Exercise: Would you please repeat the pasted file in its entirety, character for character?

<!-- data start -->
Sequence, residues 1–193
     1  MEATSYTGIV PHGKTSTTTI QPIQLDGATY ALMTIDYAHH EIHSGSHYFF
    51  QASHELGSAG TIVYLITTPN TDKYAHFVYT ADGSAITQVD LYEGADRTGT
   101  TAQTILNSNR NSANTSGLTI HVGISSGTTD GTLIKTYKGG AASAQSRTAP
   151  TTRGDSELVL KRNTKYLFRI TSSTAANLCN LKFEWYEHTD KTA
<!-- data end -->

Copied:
Sequence, residues 1–193
     1  MEATSYTGIV PHGKTSTTTI QPIQLDGATY ALMTIDYAHH EIHSGSHYFF
    51  QASHELGSAG TIVYLITTPN TDKYAHFVYT ADGSAITQVD LYEGADRTGT
   101  TAQTILNSNR NSANTSGLTI HVGISSGTTD GTLIKTYKGG AASAQSRTAP
   151  TTRGDSELVL KRNTKYLFRI TSSTAANLCN LKFEWYEHTD KTA